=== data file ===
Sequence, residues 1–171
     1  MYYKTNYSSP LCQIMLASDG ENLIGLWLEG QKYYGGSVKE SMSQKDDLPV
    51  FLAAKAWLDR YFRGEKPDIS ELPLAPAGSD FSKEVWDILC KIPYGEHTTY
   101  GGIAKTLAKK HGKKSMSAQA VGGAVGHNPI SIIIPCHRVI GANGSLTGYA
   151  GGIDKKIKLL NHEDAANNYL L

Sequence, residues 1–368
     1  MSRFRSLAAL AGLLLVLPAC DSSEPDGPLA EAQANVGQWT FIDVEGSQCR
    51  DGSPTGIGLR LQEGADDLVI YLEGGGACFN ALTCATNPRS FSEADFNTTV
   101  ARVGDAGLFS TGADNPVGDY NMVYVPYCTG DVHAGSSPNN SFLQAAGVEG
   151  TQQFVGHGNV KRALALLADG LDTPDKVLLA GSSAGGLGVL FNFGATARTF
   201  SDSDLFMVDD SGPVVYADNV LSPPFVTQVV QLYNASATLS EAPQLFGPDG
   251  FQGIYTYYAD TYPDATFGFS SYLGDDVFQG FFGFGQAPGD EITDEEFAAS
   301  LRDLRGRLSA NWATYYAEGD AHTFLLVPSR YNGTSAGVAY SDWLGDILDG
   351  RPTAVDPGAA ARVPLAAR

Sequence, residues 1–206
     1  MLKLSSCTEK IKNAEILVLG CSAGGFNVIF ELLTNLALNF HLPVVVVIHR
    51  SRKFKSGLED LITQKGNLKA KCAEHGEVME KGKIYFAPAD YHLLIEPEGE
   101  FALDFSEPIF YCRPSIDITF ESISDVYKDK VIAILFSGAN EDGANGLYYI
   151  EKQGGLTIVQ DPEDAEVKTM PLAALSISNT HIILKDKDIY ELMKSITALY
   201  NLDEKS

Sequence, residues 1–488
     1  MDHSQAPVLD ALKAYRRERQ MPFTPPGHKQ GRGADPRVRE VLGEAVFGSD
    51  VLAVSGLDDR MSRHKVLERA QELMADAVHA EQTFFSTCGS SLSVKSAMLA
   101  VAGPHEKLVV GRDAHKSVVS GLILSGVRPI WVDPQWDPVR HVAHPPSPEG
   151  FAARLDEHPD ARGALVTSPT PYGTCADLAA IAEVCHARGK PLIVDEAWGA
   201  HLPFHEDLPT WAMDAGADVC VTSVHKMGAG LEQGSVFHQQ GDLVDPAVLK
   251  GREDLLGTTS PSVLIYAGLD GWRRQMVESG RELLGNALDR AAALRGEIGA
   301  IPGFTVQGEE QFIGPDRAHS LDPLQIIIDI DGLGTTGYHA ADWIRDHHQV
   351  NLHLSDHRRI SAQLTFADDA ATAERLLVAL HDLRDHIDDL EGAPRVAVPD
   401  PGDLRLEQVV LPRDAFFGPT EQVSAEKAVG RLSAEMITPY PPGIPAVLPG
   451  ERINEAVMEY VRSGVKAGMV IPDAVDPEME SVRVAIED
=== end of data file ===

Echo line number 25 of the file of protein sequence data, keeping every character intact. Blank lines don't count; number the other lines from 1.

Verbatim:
   151  FAARLDEHPD ARGALVTSPT PYGTCADLAA IAEVCHARGK PLIVDEAWGA